I did some further reading and it had the right number of wires (6) and right number of speeds (2), so I decided to give it a try. With all the aftermarket parts failures I’ve had in the last year, I guess that’s where I’m at. Peterbilt? Sure.

There’s just as much of a chance it will work as something that is listed specifically for my model and year of Beetle.

I also ordered an add-on washer fluid tank and pump (Amazon link). We’ll get to that later.

First, I need to figure out the wiring for the switch and see if it’s going to work. I found a bunch of info on the samba, with various wiring diagrams.

I clearly don’t understand how to read wiring diagrams, because the notes below are what I wrote down on my cheat sheet before heading outside. The Pete switch came with connector pinouts with wire colors.

Step one in the car was to get the old switch out. This is all much easier (though still not easy) with the radio opening in the dash still empty.

When I pulled the switch out, there were extra wires that weren’t on the diagrams or my notes.

So, I got out my test light and mapped each connector.

Vape in the ashtray is a nice touch.

When I went back through and started connecting wires to the new switch, clearly my notes above had a couple of problems. Eventually, I found a magical combination:

With these four pairs of wires connected, I have what appears to be a huge variety of intermittent wiper speeds (on the slow end, like 30 seconds, and up to like one second), then a click for low speed and a second click for high speed. Of course, it’s an old Beetle, so high speed would be overwhelmed by a light shower, but anyway…

WOW. Another win!

Ironically, it’s about to start raining, so I’ll pick this up tomorrow and finish the job.

Replacing a Parking Brake Cable

I’m about to replace the parking brake cable on the driver side, but I started off the day by reinstalling the missing knobs in the dash.

I have purchased two new wiper/washer knob sets and neither have fit correctly. The existing one has a tendency to spin on the threads when you turn the wipers on, making it difficult to turn them back off. Also, visually, the print is worn off the washer button. So, here we are, with the old button and knob mounted again.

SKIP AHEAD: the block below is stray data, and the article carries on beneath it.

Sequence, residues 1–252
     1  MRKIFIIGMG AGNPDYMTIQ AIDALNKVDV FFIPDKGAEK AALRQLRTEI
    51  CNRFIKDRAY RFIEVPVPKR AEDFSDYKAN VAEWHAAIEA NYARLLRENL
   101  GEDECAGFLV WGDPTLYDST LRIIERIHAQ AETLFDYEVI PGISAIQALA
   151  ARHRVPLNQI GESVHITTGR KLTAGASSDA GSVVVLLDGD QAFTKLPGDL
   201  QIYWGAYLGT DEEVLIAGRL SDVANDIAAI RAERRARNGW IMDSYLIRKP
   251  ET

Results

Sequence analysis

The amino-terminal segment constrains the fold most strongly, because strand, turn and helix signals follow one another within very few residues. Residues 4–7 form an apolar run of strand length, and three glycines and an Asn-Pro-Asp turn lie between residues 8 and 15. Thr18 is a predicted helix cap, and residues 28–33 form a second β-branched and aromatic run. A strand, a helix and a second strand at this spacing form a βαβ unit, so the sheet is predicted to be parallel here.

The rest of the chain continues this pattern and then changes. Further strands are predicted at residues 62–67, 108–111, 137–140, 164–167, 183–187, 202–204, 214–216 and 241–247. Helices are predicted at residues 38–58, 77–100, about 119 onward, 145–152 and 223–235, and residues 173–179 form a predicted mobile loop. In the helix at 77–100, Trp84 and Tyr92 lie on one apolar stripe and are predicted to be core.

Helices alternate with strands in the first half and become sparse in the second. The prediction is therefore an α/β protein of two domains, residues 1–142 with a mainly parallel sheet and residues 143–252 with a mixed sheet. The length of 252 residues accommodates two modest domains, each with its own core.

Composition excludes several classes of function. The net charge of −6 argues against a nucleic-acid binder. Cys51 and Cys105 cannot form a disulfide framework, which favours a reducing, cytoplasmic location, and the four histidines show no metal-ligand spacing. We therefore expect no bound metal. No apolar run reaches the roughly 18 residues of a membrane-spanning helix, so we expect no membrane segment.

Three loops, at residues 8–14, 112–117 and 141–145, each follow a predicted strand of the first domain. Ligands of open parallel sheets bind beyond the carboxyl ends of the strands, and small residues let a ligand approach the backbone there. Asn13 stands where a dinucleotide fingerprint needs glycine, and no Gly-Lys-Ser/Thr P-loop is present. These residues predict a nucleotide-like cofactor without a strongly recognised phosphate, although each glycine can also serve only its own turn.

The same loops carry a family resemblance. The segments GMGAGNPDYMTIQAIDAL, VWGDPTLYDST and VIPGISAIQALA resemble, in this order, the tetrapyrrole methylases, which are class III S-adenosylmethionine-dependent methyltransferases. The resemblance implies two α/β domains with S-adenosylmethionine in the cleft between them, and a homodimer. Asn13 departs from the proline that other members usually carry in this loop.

Now, moving onto that parking brake cable. As mentioned in a previous post, the driver’s side cable adjustment was screwed down all the way and the brake was barely grabbing back there. I had the new cable on hand, so let’s dig in.

I peeled back the new rubber cover I had put on earlier and removed the double nuts.

Then I got the rear wheel up in the air and removed the cable mounting plate from the back side of the brake assembly.

It took a lot of finagling the cable ends and moving back and forth between the driver’s seat and the rear wheel, but eventually, I was able to get the old cable out. It was covered in thick, black axle grease, so that’s good.

Once I got the new cable slathered up with axle grease and fed back through to the front, it took a lot of wrangling to actually get it pulled up through from the tunnel. By the time I snapped the next picture, I had removed both front seats and the parking brake handle assembly. That made it a lot easier to get into place.

Time for a break. BEER ME.

OK, back at it.

The new cable I bought already had a crack in the black plastic sleeve. The parts aftermarket manufacturers and sellers should seriously be ashamed of themselves. I have never consistently bought so much garbage in my life.

After getting the wheel mounted and brake adjusted, I was then able to get the cable adjusted. I want to not be able to turn the wheel by hand with the parking brake handle about 3/4 of the way up. The cables will eventually stretch and brake shoes wear, so it’s good to have some room left to adjust the cable tighter as needed.